Chronicles of Narnia: An uncomfortable reminder

I know my next blog was supposed to be on my trip to Bangladesh but once again there is something that I just couldn’t get of my mind. My blog on Bangladesh, though there isn’t much, will be up by sometime late next week, as I will be travelling this week to Bhopal.

Last week, I finished reading the seven books that make the Chronicles of Narnia. Yes, I am a 25-year-old, who read a book that I probably too young for my 10-year-old niece. I read it because a very dear friend of mine (who is an english major by the way) recommended it. She felt that since I had loved Harry Potter and Lord of the Rings, I would love Narnia as well. Since she is my oldest friend, I am willing to forgive her. I regretfully say that I seriously did not like the books. This was not just because the books were written for kids but also because I felt they were extremely high-handed in some of their lessons and some lessons were downright wrong.

These books, were published in the years 1950-1956 and were written by Lewis for his god-daughter, who also happens to be named Lucy. I will not give a summary of these books, since I am sure all book readers or movie watchers are aware of this book.

I like the fact that Lewis wrote these books to impart certain valuable lessons to his god-daughter in a fun and exciting way. For that he gets my appreciation. However, there are a lot of things I didn’t like about these books. The biggest problems I had with these books was the creation of the bad guys, the Telmarines.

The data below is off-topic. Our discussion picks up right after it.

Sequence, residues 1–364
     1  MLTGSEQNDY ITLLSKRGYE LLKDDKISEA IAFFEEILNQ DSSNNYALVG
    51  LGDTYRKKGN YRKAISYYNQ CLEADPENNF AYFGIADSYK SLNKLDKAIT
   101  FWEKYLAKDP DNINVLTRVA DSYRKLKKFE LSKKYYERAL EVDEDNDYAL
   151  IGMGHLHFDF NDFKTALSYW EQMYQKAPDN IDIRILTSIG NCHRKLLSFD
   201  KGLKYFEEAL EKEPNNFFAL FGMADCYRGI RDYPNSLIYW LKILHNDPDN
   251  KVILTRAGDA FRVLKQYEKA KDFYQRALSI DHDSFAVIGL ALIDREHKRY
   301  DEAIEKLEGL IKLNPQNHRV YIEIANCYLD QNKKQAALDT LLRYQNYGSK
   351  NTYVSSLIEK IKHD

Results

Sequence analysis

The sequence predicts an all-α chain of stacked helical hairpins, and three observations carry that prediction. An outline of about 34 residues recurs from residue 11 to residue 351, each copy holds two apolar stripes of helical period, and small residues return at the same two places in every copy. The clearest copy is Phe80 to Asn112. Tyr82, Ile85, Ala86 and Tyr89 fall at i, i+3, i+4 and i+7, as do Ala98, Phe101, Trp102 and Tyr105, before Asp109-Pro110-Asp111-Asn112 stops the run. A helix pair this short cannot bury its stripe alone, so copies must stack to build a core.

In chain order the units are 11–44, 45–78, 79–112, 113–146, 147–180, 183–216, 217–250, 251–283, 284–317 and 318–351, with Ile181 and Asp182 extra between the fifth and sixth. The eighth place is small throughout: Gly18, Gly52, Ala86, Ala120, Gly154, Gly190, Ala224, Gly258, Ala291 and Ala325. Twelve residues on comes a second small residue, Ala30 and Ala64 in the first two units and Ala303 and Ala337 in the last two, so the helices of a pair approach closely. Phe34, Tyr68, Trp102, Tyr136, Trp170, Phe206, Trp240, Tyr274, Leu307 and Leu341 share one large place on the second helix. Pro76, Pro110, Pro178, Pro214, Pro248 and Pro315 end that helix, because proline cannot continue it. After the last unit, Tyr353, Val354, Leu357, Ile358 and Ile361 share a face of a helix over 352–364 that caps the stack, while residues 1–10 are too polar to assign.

The Telmarines, were first introduced in the book Prince Caspian, and were obviously fashioned around Arabs. All throughout this book and the subsequent books, the association with the Arabs is obvious in the architecture, and dressing sense described. Yes the Telmarines are the bad guys, yes this is a kids books so subtlety really wasn’t an option and yes these books were written in a time when racial discrimination was rampant but come on!!!!!!!!! I had a serious problem with the manner in which the Telmarines were painted, and only half of it was because I too am part of a race/skin color that was called “Darky” by the Caucasians.

Lewis’s prejudice towards the darker skin colors was very obvious and disappointing, as I don’t know why but I have expected writers to be more open-minded. As the books progress the manner in which the Telmarines are painted as bad becomes more and more high-handed and eventually took a religious turn. Even the Telmarines who are the ‘good guys’ such as Caspian, are good only because they believe in Aslan and not the Telmarine God Tash. Aslan, who is the representation of the Biblical God, is the only true God, and those who don’t believe in him were destined for hell, as happens in the last book, the Final Battle.

I shudder to think, how many children have read these books, and how many have come to associate or have their thought process re-inforced that dark skin people are bad, or even those who don’t believe in your religion or belief are bad. As a dark toned person and a Hindu by religion I would take offence, had these books not been written so long ago. However, yes I will probably not read these books to my children, and if I do, I will do some serious editing, and will not read the last one for sure.

Oh well, I am now reading Anna Karenina, and have liked it so far so hopefully if I do have something to say on that it will be positive. Until next time.

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